Saturday, December 8, 2012

38 Weeks: The Tenth Week

A/N: Burn Notice romantic fluff with a side of angst. Want to start at the beginning? Click here.  

On Monday of the tenth week, Michael waited at Carlito's. His ride would be there soon.

One of the conditions of playing mediator for the Garden Terrace Mafia is that he won't know where the negotiations take place. One of his conditions was that they wouldn't know where he lives. So, he waits in front of Carlito's.

When he left that morning, Fi and his mom were working on anti-nausea smoothies. After a very hard weekend that involved all three of them doing a lot of crying, Madeline had gotten behind them on putting the baby up for adoption, and having done so, she switched into hyper-coddling mode for Fi.

So, he's glad she's on board with what they're doing. Very glad that she's working on something Fi might eat. And especially glad to be getting out of the house. He doesn't feel the need to know all the gory details of both his and his brother's pregnancy or birth.

His ride arrives. It's not inconspicuous. A stretch Hummer with black windows doesn't exactly blend into the neighborhood. For the first time in a very long time, Michael feels very, very white.

As a kid, the neighborhood he grew up was mixed, 60-40, white to black. His best friend was black. Hell, Jesse, who might not be his best friend now, but he's awfully close, is black. And while black and white culture were pretty far apart in the seventies, he feels like it's gotten much further apart as time has marched by.

Michael Westen, who is, for all practical purposes, a chameleon, has found a background he can't melt into. And it's a bit off-putting. The fact that he can't quite read the four men around him is off-putting, too. He knows the gold jewelry and teeth are a sign of status, but not what level of status they indicate. He can't read the tattoos the way he could if he was doing this for the Mafia or a Russian gang. He doesn't know the clothing. He doesn't know the music. He can't just look at these men and know where they fit in the hierarchy.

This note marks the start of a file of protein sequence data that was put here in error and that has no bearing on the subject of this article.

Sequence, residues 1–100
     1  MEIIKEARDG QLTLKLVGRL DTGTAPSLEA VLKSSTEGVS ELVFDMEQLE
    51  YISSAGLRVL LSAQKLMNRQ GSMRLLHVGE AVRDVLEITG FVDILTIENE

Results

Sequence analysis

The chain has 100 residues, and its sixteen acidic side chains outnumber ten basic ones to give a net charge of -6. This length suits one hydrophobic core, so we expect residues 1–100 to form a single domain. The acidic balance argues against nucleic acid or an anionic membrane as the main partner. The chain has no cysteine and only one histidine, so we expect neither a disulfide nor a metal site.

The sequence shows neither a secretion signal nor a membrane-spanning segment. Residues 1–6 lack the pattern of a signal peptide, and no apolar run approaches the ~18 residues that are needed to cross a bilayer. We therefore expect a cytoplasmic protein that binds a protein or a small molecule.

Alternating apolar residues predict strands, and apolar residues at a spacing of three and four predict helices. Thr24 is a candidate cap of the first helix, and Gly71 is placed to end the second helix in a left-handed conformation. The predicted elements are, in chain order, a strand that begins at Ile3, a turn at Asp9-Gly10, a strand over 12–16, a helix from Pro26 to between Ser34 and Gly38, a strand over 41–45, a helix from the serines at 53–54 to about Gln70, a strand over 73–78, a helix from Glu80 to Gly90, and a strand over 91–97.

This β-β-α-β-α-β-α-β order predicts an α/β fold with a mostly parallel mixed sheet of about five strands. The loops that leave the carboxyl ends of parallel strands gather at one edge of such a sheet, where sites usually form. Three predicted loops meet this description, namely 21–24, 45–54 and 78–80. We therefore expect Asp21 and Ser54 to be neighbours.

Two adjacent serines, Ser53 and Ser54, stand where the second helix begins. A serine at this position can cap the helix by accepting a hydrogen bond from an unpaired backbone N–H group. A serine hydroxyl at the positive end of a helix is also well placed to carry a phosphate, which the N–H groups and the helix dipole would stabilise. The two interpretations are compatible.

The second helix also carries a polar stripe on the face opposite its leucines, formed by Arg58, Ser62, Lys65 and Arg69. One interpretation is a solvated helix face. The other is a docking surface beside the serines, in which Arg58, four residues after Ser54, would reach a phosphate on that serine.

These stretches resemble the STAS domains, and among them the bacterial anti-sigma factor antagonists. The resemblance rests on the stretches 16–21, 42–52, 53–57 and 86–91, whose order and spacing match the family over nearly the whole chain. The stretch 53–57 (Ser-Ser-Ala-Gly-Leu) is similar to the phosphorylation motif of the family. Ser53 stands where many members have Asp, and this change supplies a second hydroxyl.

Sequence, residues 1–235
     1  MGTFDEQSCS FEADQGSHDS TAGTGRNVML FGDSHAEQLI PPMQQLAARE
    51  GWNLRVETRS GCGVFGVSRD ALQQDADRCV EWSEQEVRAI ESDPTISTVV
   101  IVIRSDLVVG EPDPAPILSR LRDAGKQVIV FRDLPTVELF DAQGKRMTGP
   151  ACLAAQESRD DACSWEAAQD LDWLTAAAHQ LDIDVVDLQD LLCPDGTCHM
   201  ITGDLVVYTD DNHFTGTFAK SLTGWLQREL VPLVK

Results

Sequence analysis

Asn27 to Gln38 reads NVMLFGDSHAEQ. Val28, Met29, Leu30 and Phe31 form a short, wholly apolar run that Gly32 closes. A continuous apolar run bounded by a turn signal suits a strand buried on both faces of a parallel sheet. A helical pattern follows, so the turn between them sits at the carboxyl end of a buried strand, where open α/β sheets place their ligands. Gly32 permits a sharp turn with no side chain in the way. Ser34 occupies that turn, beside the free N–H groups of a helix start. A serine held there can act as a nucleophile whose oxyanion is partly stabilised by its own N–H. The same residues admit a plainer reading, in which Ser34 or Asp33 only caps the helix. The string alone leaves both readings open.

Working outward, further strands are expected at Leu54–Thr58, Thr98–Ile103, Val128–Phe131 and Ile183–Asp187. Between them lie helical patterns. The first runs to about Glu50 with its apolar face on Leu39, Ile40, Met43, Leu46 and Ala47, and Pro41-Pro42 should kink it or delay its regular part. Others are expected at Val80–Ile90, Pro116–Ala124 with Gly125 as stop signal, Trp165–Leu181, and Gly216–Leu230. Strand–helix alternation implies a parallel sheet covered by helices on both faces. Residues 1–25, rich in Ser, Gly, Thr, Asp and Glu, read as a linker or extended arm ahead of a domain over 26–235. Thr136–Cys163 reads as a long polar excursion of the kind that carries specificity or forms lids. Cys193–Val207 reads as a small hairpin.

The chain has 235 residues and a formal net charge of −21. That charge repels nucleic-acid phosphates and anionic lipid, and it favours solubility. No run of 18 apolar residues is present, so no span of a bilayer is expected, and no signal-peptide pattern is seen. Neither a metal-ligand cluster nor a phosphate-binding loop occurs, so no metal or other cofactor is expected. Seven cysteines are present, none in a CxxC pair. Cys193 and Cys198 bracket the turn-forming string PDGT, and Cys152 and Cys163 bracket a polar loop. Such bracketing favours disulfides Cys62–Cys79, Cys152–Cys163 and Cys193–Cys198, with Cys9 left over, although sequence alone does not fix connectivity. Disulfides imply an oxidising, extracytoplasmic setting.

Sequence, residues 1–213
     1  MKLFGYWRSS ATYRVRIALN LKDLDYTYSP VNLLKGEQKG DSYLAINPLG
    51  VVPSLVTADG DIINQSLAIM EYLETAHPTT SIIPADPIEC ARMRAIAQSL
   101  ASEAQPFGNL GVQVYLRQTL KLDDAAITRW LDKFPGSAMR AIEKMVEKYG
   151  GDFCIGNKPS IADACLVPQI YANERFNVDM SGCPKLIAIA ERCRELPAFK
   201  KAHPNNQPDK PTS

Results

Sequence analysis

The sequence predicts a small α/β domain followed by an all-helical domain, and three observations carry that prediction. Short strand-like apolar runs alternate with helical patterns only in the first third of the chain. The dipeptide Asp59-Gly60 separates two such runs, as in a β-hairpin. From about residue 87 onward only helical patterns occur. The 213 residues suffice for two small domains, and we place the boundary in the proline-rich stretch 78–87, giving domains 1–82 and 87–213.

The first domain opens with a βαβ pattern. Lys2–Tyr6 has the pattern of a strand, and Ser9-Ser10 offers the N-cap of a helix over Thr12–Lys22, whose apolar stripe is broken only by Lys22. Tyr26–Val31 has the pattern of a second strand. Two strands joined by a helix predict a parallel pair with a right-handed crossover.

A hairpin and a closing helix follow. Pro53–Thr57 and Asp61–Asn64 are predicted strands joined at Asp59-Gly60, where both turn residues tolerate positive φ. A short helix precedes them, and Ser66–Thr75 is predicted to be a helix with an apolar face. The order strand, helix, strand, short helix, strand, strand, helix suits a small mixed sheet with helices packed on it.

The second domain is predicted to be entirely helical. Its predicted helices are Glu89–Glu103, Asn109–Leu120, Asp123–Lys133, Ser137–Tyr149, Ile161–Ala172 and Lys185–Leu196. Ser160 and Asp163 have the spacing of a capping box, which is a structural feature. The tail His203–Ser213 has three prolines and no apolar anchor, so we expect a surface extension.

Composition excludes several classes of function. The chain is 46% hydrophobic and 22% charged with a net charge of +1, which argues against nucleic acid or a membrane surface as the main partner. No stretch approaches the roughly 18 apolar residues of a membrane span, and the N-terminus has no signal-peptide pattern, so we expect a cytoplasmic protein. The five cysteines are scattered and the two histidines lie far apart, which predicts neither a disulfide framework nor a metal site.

He gets into the Hummer and realizes it's not just the fact that he's awfully white. He's also awfully old. If any of the men in the Hummer are over thirty, hell, twenty-five, he'd be shocked. Usually, in the Mafia or a Russian gang, or any half-decent South American gun or drug running operation, there's someone his age around, someone older, with a proven track record of being a cooler head.

At least they didn't put a bag over his head. Sure, he can't see out the windows, so he doesn't know where he's going, but the fact that he can see the men around him is a good sign of trust.

They don't say anything, and no matter what, people are people, so he can read their faces well enough to know they aren't thrilled about him being here, but they aren't openly hostile, either.

After an hour's drive, he's in a parking garage. They let him out, escort him to an elevator, and press a button with no number. One hundred and eighty-eight seconds until the doors open. Slow elevator, or he's on a high floor, but not so high that his ears popped on the way up.

The doors open and he's facing an extraordinarily posh penthouse. It's decorated in cool whites and blues, floor to ceiling windows are closed and hidden behind opaque curtains. Everything that could be done to provide a sense of anonymous, placeless opulence has been done to this space.